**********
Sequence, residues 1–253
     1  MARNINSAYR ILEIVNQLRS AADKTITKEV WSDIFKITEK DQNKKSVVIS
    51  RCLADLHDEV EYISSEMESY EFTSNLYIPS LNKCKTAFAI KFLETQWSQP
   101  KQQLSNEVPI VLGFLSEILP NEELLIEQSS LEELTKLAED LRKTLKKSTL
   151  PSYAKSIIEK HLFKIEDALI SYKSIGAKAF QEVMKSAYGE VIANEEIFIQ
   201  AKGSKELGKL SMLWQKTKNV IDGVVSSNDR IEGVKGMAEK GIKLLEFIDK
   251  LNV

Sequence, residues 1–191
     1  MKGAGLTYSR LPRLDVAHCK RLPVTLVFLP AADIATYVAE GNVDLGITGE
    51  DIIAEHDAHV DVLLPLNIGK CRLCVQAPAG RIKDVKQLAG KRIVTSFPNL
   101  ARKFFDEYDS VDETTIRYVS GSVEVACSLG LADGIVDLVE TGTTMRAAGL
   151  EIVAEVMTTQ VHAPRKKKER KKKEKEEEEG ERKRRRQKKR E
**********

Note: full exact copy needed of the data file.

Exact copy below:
Sequence, residues 1–253
     1  MARNINSAYR ILEIVNQLRS AADKTITKEV WSDIFKITEK DQNKKSVVIS
    51  RCLADLHDEV EYISSEMESY EFTSNLYIPS LNKCKTAFAI KFLETQWSQP
   101  KQQLSNEVPI VLGFLSEILP NEELLIEQSS LEELTKLAED LRKTLKKSTL
   151  PSYAKSIIEK HLFKIEDALI SYKSIGAKAF QEVMKSAYGE VIANEEIFIQ
   201  AKGSKELGKL SMLWQKTKNV IDGVVSSNDR IEGVKGMAEK GIKLLEFIDK
   251  LNV

Sequence, residues 1–191
     1  MKGAGLTYSR LPRLDVAHCK RLPVTLVFLP AADIATYVAE GNVDLGITGE
    51  DIIAEHDAHV DVLLPLNIGK CRLCVQAPAG RIKDVKQLAG KRIVTSFPNL
   101  ARKFFDEYDS VDETTIRYVS GSVEVACSLG LADGIVDLVE TGTTMRAAGL
   151  EIVAEVMTTQ VHAPRKKKER KKKEKEEEEG ERKRRRQKKR E